Refugee exodus across perilous Gulf of Aden soars by 70 per cent, UN reports

9 January 2009
People wading out to a smuggler's boat on the coast of Somalia ahead of the Gulf of Aden crossing

Over 50,000 people fleeing war and poverty made the nearly always perilous and sometimes deadly voyage in smugglers’ boats across the Gulf of Aden from Somalia last year, a 70 per cent increase over 2007, the United Nations refugee agency reported today. At least 590 drowned, often at the hands of the smugglers, and nearly 360 others went missing.

“There were again many reports of people being beaten to death during the crossings in 2008, but most of the deaths were due to drowning after passengers were forced overboard in treacherous waters far off the Yemen coast in a bid by the smugglers to avoid detection by Yemen authorities,” UN High Commissioner for Refugees (UNHCR) spokesman Ron Redmond told a news briefing in Geneva.

“The increase in arrivals reflects the desperate situation in Somalia and the Horn of Africa, a region scarred by civil war, political instability, famine and poverty,” he said of the statistics, which showed arrivals in Yemen at 50,091, compared with 29,500 in 2007. By contrast the 2007 death toll was substantially higher at 1,400.

UNHCR is beefing up its response in Yemen by improving reception conditions for those who manage to reach its shores and has also carried out information campaigns in the Horn of Africa warning people of the dangers of using smugglers. The agency and its partners also have programmes aimed at improving living conditions of people with protection needs on the Africa side of the Gulf so that they do not need to risk their lives by crossing to Yemen.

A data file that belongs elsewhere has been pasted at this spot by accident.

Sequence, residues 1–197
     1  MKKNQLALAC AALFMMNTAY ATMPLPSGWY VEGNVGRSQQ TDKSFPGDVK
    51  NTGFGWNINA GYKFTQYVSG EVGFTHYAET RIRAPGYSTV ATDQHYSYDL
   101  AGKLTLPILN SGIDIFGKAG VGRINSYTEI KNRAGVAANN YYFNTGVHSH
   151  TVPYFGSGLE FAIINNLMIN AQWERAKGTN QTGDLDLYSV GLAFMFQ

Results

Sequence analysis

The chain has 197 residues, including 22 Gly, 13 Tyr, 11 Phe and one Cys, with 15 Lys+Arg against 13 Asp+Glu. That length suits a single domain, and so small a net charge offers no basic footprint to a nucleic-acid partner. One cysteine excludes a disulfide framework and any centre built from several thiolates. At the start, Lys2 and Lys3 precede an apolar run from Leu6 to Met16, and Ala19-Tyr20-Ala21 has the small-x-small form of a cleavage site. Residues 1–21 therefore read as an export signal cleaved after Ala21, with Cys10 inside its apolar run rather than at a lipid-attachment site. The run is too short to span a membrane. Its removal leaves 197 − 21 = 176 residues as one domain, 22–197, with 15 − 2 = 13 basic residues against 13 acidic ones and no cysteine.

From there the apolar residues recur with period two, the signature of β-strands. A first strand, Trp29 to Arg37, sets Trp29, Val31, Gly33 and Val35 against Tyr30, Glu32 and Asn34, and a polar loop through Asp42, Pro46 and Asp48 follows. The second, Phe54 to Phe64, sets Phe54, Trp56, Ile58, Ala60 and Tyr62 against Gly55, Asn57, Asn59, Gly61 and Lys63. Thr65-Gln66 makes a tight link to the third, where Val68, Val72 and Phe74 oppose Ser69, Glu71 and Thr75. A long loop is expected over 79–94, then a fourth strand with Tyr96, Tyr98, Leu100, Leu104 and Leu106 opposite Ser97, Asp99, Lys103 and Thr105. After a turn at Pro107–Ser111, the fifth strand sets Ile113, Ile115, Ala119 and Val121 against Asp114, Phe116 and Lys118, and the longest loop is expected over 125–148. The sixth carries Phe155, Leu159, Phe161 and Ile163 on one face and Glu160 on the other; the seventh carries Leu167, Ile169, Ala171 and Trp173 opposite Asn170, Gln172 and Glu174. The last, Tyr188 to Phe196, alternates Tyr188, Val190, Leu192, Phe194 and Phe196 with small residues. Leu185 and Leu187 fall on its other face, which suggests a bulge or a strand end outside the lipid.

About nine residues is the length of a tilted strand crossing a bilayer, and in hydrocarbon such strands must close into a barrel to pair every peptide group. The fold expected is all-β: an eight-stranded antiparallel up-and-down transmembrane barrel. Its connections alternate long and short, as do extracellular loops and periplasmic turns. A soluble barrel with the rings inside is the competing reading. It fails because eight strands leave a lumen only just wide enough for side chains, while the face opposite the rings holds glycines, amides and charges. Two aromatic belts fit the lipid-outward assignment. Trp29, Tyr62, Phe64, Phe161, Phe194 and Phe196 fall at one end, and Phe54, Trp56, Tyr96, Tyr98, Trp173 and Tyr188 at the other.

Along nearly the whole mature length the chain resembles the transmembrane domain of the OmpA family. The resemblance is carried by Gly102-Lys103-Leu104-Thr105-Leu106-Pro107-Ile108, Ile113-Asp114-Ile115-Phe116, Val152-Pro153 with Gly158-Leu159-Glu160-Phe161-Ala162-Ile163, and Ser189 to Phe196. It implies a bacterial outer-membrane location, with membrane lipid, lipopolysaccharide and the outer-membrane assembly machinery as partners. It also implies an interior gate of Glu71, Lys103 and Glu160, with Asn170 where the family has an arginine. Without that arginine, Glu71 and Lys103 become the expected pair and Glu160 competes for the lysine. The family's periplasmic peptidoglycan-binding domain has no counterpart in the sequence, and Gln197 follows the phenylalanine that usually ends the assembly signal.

Meanwhile, UNHCR called on European Union States, ahead of a Mediterranean ministers’ meeting next week, to ensure that people seeking asylum have access to territory and to fair procedures for examining their claims.

Last year, out of a total estimated figure of more than 67,000 people crossing to Europe by sea, some 38,000 arrived in Italy and Malta alone, mostly after transiting through Libya. The vast majority applied for asylum, and more than half of those claimants were found to be in need of international protection.

With few opportunities to enter the EU by regular means, thousands of people threatened by persecution and serious human rights violations in their home countries have no choice but to take the dangerous sea route. “This highlights the vital need to ensure that State agreements and measures to tighten borders do not block access to safety for those seeking protection in the EU,” Mr. Redmond said.

The interior ministers of Cyprus, Greece, Italy and Malta are to meet in Rome on 13 January to discuss the problem of irregular migrants arriving by sea, and the issue may also be discussed at an informal meeting of EU justice and home affairs ministers in Prague on 15 January.

Attention has recently focused on large numbers of people landing on the Italian island of Lampedusa.

“UNHCR appreciates the efforts made by States along the Mediterranean to rescue people in distress at sea. We also recognize that boat arrivals put significant strains on the resources of those countries,” Mr. Redmond said.

“People seeking asylum must nevertheless be allowed to disembark in a safe place, where they can receive information about their rights and have a genuine opportunity to file an asylum application which will be considered in a fair procedure. Sending refugees back to countries where they cannot enjoy effective protection could violate Member States' international obligations to refrain from refoulement (return to places where they could be at risk).”


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